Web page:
Duncan to State: No way on RTTT

He, Brown exchange big (Thanksgiving) bird
By

(TOP-Ed writer Kathy Baron co-wrote this post.)

In another cockfight between California and Washington over education, the U.S. Department of Education has rejected California’s application – and only California’s application – in the third round of Race to the Top. The denial exasperated the seven California school districts that led the state’s effort and were counting on $49 million earmarked for California as critical to do the work they had committed to do.

In a statement Wednesday, State Superintendent of Public Instruction Tom Torlakson and State Board of Education President Michael Kirst each criticized the federal government’s inflexibility in not accepting what they described as California’s “innovative” approach of giving control of the reforms to local school districts. Seven unified districts, including Los Angeles, Frenso, and Long Beach, formed a coalition known as CORE, the California Office to Reform Education, to compete for round three and work together on the reform.

Torlakson also said the federal government failed to scale back its expectations for Race to the Top reforms during this fiscal crisis. “I had hoped the federal Administration would be mindful of the financial emergency facing California’s schools and the severe constraints it has placed on state resources,” he said. (In the third round of RTTT, the federal government slashed the available funding from $3.4 billion to $200 million. For California, that reduced the potential award from as much as $700 million to $50 million.)

The federal government saw things differently. In a statement congratulating the other seven states in line for the money, federal officials said California “submitted an incomplete application.”

As we reported here on Tuesday, Kirst, Torlakson, and Gov. Brown, who is vacationing this week, submitted only a two-page letter to U.S. Education Secretary Arne Duncan that indicated that the state was fine with just the seven districts undertaking the reforms.

What state officials didn’t do was submit and sign the official short application, which, the Department ruled Wednesday, disqualified California.

Failure to sign wasn’t simply an oversight; it reflected a fundamental disagreement about what California was asked to commit to. In the second round of RTTT, the state had agreed to four broad areas of reform:

  • Implementing Common Core standards;
  • Building data systems to measure student growth and success in order to improve instruction;
  • Recruiting, training, and rewarding effective teachers and principals;
  • Turning around the lowest-achieving schools.

In being asked to reaffirm these reforms for round three, the state and CORE districts had very different interpretations. The districts believed that nothing had changed; they remained committed to the four reform areas agreed to in the second round. All that Brown and the others had to do was simply acknowledge that the Legislature hadn’t passed any laws reversing the commitments made in round two.

“It was a unique application that only committed participating districts to reforms,” said Rick Miller, executive director of CORE, which represents the districts.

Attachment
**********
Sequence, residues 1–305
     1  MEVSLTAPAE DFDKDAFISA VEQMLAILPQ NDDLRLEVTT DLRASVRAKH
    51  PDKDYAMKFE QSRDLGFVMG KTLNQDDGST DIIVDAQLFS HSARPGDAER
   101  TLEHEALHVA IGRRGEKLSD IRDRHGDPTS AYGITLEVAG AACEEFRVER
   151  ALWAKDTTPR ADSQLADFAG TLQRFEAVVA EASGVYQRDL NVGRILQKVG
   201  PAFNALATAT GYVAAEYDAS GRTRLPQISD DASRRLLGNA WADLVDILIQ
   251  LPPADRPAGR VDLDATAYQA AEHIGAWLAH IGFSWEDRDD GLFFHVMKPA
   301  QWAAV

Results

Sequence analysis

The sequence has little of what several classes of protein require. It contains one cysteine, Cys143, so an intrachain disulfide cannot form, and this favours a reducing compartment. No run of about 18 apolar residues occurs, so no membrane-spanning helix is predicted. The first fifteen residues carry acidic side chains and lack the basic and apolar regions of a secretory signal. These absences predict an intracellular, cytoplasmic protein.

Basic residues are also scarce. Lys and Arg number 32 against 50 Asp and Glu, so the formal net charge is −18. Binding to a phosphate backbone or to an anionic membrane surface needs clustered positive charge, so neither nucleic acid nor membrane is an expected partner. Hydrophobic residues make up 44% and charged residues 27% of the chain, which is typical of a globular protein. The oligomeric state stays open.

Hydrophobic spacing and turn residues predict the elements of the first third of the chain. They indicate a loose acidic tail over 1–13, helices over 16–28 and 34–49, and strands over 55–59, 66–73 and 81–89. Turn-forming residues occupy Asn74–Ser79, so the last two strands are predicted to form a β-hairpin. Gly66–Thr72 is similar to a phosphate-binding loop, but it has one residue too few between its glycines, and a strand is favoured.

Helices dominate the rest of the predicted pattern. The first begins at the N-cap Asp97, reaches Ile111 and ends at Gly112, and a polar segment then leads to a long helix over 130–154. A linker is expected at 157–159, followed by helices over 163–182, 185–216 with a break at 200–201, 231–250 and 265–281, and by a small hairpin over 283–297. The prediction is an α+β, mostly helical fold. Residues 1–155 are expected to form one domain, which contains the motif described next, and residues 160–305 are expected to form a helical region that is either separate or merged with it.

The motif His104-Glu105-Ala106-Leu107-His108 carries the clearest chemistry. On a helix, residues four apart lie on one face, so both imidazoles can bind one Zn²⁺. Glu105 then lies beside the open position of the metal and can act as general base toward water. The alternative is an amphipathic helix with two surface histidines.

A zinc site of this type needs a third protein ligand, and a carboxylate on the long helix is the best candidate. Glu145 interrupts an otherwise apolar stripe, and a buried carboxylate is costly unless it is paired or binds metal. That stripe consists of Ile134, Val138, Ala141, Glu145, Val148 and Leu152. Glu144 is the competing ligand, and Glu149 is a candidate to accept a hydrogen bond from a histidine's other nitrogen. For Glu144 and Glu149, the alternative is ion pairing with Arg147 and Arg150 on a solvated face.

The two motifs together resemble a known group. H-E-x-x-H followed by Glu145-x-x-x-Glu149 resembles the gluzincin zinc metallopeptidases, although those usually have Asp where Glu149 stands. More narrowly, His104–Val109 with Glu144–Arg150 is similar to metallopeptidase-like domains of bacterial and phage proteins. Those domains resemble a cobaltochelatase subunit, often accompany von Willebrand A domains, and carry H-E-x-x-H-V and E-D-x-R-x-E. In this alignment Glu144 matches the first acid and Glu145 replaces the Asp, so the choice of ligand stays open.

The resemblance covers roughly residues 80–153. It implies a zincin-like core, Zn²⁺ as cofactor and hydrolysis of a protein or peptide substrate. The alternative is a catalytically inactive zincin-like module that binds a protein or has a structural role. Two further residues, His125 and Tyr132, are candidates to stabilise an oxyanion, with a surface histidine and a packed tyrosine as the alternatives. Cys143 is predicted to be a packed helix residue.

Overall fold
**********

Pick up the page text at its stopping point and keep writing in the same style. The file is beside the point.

Brown and Torlakson objected to making any statewide commitments dealing with teacher effectiveness and how to treat failing schools. They also didn’t want to be tied to explicit reforms approved by Gov. Schwarzenegger in the second round application. One in particular, strongly opposed by the California Teachers Association, would have committed the CORE districts to linking standardized test scores to teacher evaluations.

State Board President Kirst agreed with that interpretation. “The issue is not what the districts committed to but what the state was committed to,” said Kirst. “The second round application was slippery in terms of what was committed; it mixed up state and local roles.”

Kirst, Torlaskson, and Sue Burr, executive director of the State Board of Education, have had ongoing conversations with top federal education officials. As recently as this week Kirst spoke with Duncan and expressed his reservations.

The state’s interpretation baffled Fresno Unified Superintendent Mike Hanson, who said he thought the CORE districts had an understanding with the governor to submit the round three application. “I find it hard to believe that whatever gap existed in the end could not have been bridged by having representatives from Sacramento, D.C., and CORE sit down and talk it out,” said Hanson.

Fresno and the other six districts were going to use the federal money to prepare teachers to make the transition to Common Core and build local data systems to share information and their successes. They’ve been starting to do this work using some small foundation grants, but Hanson said the $49 million would have been “jet propulsion for us,” and the results would have been available for all districts in the state.

“We missed a big opportunity, probably the last opportunity” for a major federal grant, said Hanson.  “That money is now going to go to another state to help make those kids more competitive.”

12 Comments

  1. Any talk of delaying the implementation of Common Core?

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  2. Brown, by looking out for union interests, has inadvertently avoided a further commitment to Common Core, the money-pit disguised as Super New Standards.  I would like to see Brown and Torlakson threaten Duncan with a complete pull-back from Common Core, effected easily enough by a Board review of the decision to adopt taken under Schwarzenegger.

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  3. The public education administrative class, being rational beings, embrace the Common Core because it takes near-term focus off implementation of the state standards in anticipation of a 2-3 years period of adjustment to the Common Core. Bottom line? we have again kicked the can down the road. Its entirely likely that when we are finally adjusting to the Common Core the self-interested political class will engineer another change and kick the can again. Some children will be left behind.